In March, citing the heightened threat of terrorism, U.S. District Judge Charles Haight softened a set of rules known as the Handschu guidelines. The rules are named for Barbara Handschu, one of 16 activists who sued the New York Police Department in 1971 on the grounds that its "red squad" had pushed surveillance to the point of harassment. A 1985 court order established the guidelines, which barred cops from investigating a political or religious group without evidence linking it to a past or imminent crime.
Long faulted by civil libertarians as too weak a restraint, the guidelines nonetheless irritated the police, who argued late last year that they should be thrown out altogether. David Cohen, the NYPD's intelligence commissioner, told Haight, "It is difficult to imagine a state of affairs more outdated by the events of September 11th." Haight agreed and gutted the rules, allowing the NYPD to create its own regulations instead. The new rules couldn't be changed without the judge's approval, but they weren't embedded in his court order.
"That was the real flaw," comments Jethro Eisenstein, one of the attorneys who argued against the change. "If the police didn't choose to discipline their own for violating the rules, no one could go into court accusing them of violating the rules."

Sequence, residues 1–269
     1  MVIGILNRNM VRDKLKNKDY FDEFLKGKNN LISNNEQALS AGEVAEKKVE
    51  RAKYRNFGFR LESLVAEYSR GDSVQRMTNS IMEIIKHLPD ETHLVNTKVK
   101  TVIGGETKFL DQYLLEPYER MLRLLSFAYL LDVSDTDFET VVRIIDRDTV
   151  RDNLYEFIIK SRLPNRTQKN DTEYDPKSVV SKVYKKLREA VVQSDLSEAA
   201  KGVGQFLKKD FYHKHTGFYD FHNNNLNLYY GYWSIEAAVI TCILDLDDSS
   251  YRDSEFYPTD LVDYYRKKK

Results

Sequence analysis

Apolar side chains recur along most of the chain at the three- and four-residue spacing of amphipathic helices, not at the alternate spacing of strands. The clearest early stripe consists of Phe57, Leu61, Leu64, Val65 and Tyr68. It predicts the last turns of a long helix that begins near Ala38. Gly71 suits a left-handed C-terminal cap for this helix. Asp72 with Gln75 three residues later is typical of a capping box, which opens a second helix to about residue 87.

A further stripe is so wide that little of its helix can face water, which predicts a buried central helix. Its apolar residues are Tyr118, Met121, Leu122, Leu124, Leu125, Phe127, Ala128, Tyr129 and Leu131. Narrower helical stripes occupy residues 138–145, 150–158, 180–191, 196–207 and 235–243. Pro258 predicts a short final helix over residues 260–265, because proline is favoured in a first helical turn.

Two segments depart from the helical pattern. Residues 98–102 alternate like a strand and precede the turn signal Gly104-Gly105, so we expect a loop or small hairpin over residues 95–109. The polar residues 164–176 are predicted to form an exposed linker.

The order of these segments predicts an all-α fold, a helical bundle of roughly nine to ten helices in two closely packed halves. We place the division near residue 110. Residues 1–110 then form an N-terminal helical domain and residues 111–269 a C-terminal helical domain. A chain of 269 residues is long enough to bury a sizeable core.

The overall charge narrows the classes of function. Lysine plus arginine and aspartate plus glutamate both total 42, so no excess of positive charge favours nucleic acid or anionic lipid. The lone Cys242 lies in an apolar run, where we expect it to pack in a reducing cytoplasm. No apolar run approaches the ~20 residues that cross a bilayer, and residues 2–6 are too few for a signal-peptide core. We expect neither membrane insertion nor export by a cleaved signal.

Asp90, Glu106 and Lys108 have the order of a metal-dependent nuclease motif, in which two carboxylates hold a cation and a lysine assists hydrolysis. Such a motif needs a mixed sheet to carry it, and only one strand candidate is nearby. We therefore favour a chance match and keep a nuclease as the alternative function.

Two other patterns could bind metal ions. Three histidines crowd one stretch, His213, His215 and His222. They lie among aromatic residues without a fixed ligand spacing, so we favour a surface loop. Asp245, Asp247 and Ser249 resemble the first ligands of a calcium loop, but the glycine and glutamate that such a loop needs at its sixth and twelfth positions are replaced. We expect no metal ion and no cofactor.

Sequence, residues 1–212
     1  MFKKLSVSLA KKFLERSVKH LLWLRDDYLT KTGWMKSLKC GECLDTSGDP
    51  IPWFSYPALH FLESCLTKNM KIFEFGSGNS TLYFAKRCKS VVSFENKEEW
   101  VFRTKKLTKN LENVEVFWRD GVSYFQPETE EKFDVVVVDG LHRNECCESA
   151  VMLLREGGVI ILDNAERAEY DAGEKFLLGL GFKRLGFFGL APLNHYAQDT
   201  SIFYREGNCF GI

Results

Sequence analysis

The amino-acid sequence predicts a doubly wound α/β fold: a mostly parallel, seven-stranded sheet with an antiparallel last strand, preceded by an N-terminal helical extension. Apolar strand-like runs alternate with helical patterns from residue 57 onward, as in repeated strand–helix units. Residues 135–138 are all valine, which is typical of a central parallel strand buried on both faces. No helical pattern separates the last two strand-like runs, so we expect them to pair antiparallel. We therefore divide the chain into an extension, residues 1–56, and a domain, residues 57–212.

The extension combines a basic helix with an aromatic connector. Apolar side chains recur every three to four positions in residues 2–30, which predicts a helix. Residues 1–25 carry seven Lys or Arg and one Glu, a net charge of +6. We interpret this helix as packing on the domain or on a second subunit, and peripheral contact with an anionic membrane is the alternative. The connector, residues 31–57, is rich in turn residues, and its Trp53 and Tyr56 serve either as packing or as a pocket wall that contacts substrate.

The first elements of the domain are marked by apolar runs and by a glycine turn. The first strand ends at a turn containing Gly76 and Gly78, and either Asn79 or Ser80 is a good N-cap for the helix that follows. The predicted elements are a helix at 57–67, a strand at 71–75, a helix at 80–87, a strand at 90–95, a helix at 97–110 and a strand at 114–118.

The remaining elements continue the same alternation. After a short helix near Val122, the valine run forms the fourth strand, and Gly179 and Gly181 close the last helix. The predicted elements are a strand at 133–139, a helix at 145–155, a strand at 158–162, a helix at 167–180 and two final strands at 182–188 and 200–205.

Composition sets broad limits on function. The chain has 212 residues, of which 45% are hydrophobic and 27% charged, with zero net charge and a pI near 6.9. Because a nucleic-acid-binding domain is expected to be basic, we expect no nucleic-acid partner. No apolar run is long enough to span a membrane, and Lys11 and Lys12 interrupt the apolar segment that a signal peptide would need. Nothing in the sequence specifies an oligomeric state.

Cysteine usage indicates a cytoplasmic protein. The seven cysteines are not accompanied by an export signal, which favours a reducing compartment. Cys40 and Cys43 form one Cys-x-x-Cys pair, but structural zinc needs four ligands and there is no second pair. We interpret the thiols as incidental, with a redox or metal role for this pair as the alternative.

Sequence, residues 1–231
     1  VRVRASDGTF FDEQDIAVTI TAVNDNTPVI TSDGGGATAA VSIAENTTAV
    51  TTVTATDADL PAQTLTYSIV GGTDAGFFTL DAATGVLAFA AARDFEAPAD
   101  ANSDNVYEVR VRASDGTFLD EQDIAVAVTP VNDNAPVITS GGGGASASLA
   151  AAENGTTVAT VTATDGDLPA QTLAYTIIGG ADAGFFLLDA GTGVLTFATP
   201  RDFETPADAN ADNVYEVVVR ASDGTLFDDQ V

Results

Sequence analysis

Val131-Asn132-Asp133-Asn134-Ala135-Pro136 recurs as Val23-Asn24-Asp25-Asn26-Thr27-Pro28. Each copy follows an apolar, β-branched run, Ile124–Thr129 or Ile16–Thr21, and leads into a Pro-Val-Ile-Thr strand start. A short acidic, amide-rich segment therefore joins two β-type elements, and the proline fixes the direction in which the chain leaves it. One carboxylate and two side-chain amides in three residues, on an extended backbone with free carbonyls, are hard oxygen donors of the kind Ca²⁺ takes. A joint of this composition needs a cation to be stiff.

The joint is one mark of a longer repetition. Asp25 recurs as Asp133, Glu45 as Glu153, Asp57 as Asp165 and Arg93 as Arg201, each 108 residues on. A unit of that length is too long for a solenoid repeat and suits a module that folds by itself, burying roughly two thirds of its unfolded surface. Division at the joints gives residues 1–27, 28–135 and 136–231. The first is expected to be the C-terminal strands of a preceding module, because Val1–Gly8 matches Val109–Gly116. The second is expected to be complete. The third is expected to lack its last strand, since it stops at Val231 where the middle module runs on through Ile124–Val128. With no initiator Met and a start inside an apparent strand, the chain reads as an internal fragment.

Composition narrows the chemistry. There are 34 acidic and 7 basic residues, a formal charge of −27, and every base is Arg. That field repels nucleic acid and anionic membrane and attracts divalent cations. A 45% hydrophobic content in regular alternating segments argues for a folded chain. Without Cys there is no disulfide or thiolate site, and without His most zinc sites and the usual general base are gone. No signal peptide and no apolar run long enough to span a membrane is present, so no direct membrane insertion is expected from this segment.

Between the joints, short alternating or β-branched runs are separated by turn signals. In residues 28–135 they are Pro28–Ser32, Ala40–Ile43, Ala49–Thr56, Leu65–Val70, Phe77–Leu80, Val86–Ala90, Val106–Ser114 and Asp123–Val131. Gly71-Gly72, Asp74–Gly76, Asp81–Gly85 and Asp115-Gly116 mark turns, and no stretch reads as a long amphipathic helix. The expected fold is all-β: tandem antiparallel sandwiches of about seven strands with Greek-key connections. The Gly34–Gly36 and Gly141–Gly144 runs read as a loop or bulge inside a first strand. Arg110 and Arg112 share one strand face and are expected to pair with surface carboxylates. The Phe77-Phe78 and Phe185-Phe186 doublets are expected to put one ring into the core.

In August, Haight reversed himself, revising the court order to incorporate the new guidelines.
What changed his mind? The judge found out how police had interrogated some of the 274 protesters arrested for blocking traffic at an antiwar demonstration in February. The cops' questions had ranged far beyond anything related to criminal behavior, inquiring into matters of political belief. Among the queries: "Do you hate George W. Bush? Do you think anything would be different if Al Gore were elected? What is your opinion of the war in Iraq? Don't you think it was necessary for us to get involved in World War II?"
The interviewers then entered the answers on an official "demonstration debriefing" form. Police initially denied that the higher-ups knew about the questioning, then acknowledged that they were "aware of the fact that arrestees would be asked questions similar to those." A perturbed Haight declared that the department was "in some need of discipline."
The rules still aren't as strong as they were last year. But "if the police are shown again to be gathering information in the grand old tradition, they run the risk of sanctions," says Eisenstein. "And that's important to have."